In these illustrative examples, slide system 324 is associated with trailing section 308. A first component may be considered to be associated with a second component by being secured to the second component, bonded to the second component, fastened to the second component, and/or connected to the second component in some other suitable manner. The first component also may be considered to be associated with the second component by being formed as part of and/or an extension of the second component.

Trailing section 308 may include, for example, without limitation, skin panels 330 and frame 332. In these examples, the different components in actuator system 312 may be associated with frame 332 within trailing section 308. In other words, frame 332 may function as an anchor or location to secure or attach number of actuators 322 and/or slide system 324. Frame 332 may include various structural components such as, for example, without limitation, a spar, a rib, and/or other suitable components.

In these illustrative examples, actuator system 312 may be implemented using currently available actuator systems or slats. In these illustrative examples, actuator system 312 may be implemented by modifying a currently available actuator system to move leading edge section 306 instead of a slat.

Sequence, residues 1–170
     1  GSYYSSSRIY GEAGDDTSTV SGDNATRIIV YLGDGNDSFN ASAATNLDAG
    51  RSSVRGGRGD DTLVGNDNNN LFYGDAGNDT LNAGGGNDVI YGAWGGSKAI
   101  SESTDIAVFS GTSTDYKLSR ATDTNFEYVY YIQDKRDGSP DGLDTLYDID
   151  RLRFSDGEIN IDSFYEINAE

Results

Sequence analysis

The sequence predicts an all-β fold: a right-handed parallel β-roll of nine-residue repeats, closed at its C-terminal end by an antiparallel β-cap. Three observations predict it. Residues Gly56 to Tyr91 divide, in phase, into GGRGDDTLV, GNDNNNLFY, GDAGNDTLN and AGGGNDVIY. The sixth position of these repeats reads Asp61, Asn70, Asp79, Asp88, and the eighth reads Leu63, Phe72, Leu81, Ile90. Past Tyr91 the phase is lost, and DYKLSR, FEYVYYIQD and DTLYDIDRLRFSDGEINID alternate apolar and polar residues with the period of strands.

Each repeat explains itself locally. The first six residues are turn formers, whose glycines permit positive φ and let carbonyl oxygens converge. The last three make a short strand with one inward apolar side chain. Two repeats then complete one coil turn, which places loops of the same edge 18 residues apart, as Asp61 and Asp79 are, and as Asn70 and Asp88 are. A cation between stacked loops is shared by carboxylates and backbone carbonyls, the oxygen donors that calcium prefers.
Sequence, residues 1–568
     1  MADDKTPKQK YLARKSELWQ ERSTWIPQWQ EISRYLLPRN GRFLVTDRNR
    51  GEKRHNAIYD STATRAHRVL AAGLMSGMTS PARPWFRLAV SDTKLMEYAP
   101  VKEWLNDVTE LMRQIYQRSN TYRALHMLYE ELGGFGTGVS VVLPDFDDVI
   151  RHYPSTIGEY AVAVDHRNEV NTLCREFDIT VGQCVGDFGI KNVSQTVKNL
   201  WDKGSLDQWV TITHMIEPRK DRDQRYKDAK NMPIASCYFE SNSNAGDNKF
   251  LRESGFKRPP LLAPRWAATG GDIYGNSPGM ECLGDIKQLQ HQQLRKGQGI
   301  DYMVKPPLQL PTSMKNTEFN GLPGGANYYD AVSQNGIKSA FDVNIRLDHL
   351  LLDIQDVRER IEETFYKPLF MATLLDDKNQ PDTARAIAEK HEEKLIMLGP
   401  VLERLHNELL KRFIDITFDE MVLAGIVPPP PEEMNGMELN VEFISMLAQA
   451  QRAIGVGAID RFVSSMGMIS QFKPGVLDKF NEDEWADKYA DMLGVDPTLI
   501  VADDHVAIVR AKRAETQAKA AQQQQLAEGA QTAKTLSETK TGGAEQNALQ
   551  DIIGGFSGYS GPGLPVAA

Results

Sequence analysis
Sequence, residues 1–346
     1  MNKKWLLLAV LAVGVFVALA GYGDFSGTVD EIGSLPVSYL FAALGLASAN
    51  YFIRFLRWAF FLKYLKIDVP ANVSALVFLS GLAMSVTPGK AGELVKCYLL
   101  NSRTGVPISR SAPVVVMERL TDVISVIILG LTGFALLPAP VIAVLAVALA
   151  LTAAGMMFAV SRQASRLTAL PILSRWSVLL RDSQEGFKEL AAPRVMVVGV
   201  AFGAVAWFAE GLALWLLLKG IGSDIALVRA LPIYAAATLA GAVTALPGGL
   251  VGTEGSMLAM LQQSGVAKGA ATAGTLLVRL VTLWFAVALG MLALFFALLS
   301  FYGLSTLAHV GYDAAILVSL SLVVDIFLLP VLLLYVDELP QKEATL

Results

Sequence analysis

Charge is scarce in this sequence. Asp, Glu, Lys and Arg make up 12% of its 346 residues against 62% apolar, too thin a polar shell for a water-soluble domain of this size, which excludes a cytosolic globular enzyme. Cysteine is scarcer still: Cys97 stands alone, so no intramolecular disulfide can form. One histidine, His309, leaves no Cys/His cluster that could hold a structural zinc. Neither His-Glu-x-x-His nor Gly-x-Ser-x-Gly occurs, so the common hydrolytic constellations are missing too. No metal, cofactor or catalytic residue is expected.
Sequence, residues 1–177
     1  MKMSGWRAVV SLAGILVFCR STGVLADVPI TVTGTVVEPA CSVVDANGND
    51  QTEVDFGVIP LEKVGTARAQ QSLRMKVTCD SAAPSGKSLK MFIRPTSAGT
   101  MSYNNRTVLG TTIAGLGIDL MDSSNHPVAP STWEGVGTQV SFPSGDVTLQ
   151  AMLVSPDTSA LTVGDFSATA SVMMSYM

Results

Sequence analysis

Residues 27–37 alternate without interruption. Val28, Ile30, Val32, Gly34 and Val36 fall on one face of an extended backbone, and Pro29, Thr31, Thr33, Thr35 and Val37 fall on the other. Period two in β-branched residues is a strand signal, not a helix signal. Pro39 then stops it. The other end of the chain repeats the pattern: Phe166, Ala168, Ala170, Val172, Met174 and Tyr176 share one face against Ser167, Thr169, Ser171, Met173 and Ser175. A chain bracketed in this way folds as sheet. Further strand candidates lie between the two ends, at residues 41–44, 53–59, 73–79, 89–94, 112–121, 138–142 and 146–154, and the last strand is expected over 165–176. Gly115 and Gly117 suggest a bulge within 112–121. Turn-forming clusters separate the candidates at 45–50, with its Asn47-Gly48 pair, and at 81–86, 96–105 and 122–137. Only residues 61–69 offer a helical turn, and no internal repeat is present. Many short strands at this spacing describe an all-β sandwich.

In these illustrative examples, deformable section 310 has deformed shape 316 when leading edge section 306 is in undeployed position 318. When leading edge section 306 moves to deployed position 320, deformable section 310 substantially returns to original shape 314. In these illustrative examples, leading edge section 306 is substantially adjacent to trailing section 308 when leading edge section 306 is in undeployed position 318.

Trailing section 308, in these examples, is part of wing 302. For example, trailing section 308 may be leading edge 326 of wing 302.

When leading edge section 306 is substantially adjacent to trailing section 308, airflow over wing 302 is increased for performance during normal flight other than landings or takeoffs. In this configuration, deformable section 310 is deformed in a manner that deformable section 310 is located in interior 328. Interior 328 may be part of at least one of leading edge section 306 and trailing section 308.